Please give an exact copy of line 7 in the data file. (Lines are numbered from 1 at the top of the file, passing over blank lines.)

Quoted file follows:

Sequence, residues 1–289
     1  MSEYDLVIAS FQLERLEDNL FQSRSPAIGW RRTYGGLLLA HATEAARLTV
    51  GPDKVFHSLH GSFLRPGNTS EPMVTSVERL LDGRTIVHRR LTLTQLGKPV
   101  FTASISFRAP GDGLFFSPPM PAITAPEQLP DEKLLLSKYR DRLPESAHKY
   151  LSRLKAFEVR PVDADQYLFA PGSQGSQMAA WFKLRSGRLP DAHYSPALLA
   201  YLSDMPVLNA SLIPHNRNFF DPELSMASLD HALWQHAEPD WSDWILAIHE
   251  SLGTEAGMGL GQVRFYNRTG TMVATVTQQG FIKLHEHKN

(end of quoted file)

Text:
   251  SLGTEAGMGL GQVRFYNRTG TMVATVTQQG FIKLHEHKN